The (un)common-sense explanation of why this market refuses to breakdown

By Jani Ziedins | End of Day Analysis

Jul 29

Free After-Hours Analysis: 

The S&P 500 stumbled into Tuesday’s close, shedding more than 20 points in the final hours of trade. Was this the break bears have been waiting for? As ominous as that late fizzle appeared, the index closed solidly above 3,200 support yesterday. And even more important, the selling didn’t resume today.

Despite all of the “common-sense” reasons stocks should crash, the S&P 500 continues hovering near the rebound’s highs. Oblivious stock owners remain stubbornly confident and are holding for higher prices. From the basic laws of supply and demand, when confident owners refuse to sell the headlines, the headlines stop mattering. It doesn’t get any more straightforward than that.

As is always the case, all of our current headlines can be dissected into half-full and half-empty arguments. The economy is in shambles but corporate earnings are not as bad as feared. Infection rates are spiking but deaths are not seeing the same rise. Governments are reimposing lockdowns but scientists are making good progress on vaccines. The federal government is drowning in debt but the Fed is not even considering raising rates.

Thus far, most owners continue focusing on the half-full side of this situation. That’s because all of the half-empty people abandoned ship during the initial Covid collapse and were replaced by confident dip buyers. Out with the weak and in with the strong. It shouldn’t surprise anyone why this market has been so resilient these last few months.

As long as prices remain above support, there is only one way to trade this. Stick with what has been working and that is holding for higher prices. While the gains have slowed over recent weeks, as long as there is more up than down, expect the S&P 500 to challenge all-time highs this August or September.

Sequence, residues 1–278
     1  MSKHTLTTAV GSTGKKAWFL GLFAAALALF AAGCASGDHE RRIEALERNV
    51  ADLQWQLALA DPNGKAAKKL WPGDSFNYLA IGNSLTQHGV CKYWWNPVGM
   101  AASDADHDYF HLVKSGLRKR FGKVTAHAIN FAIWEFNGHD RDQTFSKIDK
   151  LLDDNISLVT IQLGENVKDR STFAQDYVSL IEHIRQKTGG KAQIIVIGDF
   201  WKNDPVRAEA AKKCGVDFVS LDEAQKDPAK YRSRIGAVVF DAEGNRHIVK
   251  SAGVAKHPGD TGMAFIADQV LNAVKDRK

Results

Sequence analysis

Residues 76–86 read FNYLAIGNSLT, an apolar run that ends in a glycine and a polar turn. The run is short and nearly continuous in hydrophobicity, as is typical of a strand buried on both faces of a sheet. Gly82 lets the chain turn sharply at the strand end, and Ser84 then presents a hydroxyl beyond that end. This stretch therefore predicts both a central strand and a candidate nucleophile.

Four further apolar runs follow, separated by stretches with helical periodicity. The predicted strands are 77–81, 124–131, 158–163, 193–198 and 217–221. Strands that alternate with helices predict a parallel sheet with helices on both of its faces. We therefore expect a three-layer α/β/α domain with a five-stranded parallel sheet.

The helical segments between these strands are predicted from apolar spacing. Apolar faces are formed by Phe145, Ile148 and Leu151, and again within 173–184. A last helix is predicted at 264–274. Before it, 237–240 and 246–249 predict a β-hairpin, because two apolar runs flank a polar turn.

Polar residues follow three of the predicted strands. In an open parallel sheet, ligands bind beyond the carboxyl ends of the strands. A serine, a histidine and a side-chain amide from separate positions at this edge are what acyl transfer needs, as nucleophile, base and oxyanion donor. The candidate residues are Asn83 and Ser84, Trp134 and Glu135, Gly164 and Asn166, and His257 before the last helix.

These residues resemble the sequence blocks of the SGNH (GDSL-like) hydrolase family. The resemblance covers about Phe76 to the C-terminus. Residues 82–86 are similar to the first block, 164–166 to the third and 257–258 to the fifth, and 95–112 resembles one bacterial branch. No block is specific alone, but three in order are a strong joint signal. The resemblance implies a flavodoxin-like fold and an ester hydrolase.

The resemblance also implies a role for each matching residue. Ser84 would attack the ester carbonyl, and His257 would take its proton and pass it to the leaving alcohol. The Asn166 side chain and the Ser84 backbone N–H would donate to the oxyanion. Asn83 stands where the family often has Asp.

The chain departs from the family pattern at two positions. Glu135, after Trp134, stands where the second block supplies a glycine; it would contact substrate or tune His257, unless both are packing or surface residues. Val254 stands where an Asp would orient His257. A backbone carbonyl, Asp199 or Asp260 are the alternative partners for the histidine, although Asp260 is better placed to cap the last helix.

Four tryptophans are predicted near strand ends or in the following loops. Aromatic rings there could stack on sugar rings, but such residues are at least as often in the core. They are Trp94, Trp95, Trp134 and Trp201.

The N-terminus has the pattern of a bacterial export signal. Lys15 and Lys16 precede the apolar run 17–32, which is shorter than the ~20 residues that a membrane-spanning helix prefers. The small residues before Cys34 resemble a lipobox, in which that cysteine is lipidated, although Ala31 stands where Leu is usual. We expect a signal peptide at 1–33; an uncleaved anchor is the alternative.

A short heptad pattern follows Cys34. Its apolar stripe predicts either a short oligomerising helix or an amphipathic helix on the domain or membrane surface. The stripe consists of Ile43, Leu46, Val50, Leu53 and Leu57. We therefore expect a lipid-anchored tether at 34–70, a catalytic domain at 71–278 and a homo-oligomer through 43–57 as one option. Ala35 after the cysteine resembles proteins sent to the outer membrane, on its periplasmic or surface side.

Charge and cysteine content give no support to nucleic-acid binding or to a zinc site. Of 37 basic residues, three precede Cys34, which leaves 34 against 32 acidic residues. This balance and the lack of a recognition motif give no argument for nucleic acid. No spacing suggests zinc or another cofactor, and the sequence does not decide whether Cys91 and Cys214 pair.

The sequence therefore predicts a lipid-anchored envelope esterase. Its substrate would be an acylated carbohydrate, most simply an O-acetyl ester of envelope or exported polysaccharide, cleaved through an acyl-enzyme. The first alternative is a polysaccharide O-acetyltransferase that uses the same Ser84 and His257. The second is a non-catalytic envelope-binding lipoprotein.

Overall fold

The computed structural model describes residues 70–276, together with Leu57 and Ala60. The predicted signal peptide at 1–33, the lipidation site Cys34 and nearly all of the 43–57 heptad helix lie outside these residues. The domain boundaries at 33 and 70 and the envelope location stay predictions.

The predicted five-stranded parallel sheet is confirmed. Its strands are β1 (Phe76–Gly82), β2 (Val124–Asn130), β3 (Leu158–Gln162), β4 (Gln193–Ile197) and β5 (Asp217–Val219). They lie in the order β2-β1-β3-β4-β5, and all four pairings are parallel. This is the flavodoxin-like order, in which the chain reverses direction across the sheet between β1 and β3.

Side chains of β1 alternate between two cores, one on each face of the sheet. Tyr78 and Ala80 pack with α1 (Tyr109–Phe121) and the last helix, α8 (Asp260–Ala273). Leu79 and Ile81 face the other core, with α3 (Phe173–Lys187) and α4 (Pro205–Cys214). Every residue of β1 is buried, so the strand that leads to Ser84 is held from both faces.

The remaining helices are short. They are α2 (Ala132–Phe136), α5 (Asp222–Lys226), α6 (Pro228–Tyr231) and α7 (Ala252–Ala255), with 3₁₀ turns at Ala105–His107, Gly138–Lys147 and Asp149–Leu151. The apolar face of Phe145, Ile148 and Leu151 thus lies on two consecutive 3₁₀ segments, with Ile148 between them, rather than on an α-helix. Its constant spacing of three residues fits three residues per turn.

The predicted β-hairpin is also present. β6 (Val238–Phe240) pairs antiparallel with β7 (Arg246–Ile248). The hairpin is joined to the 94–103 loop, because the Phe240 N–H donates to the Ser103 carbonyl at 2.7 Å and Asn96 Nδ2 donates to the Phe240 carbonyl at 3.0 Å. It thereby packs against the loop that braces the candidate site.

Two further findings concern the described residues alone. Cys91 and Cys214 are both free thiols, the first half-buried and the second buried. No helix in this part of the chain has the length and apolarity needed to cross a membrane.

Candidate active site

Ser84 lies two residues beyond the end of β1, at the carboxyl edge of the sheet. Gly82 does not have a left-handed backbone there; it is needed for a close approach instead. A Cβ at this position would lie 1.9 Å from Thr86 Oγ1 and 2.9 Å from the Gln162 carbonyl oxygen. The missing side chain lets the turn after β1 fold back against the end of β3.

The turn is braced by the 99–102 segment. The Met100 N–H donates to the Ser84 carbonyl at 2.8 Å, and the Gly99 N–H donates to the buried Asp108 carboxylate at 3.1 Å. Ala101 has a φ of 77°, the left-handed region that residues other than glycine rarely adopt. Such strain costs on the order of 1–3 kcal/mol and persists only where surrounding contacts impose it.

That said, few things shatter confidence like tumbling stock prices. Keep updating your trailing stop and be ready to pull the plug if the selling accelerates. As nimble investors, it is far easier to buy back in following a false alarm than it is to watch all of our profits evaporate because we held too long.

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About the Author

Jani Ziedins (pronounced Ya-nee) is a full-time investor and financial analyst that has successfully traded stocks and options for nearly three decades. He has an undergraduate engineering degree from the Colorado School of Mines and two graduate business degrees from the University of Colorado Denver. His prior professional experience includes engineering at Fortune 500 companies, small business consulting, and managing investment real estate. He is now fortunate enough to trade full-time from home, affording him the luxury of spending extra time with his wife and two children.